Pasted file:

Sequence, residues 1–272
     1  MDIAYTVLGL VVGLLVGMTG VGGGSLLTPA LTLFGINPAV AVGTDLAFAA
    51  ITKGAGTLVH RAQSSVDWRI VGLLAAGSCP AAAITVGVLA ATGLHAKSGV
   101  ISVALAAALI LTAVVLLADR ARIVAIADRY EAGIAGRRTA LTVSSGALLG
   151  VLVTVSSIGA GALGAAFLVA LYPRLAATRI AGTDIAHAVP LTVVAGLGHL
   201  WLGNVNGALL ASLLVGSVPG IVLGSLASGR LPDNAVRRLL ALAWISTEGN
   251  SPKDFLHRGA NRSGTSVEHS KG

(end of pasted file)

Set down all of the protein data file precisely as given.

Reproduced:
Sequence, residues 1–272
     1  MDIAYTVLGL VVGLLVGMTG VGGGSLLTPA LTLFGINPAV AVGTDLAFAA
    51  ITKGAGTLVH RAQSSVDWRI VGLLAAGSCP AAAITVGVLA ATGLHAKSGV
   101  ISVALAAALI LTAVVLLADR ARIVAIADRY EAGIAGRRTA LTVSSGALLG
   151  VLVTVSSIGA GALGAAFLVA LYPRLAATRI AGTDIAHAVP LTVVAGLGHL
   201  WLGNVNGALL ASLLVGSVPG IVLGSLASGR LPDNAVRRLL ALAWISTEGN
   251  SPKDFLHRGA NRSGTSVEHS KG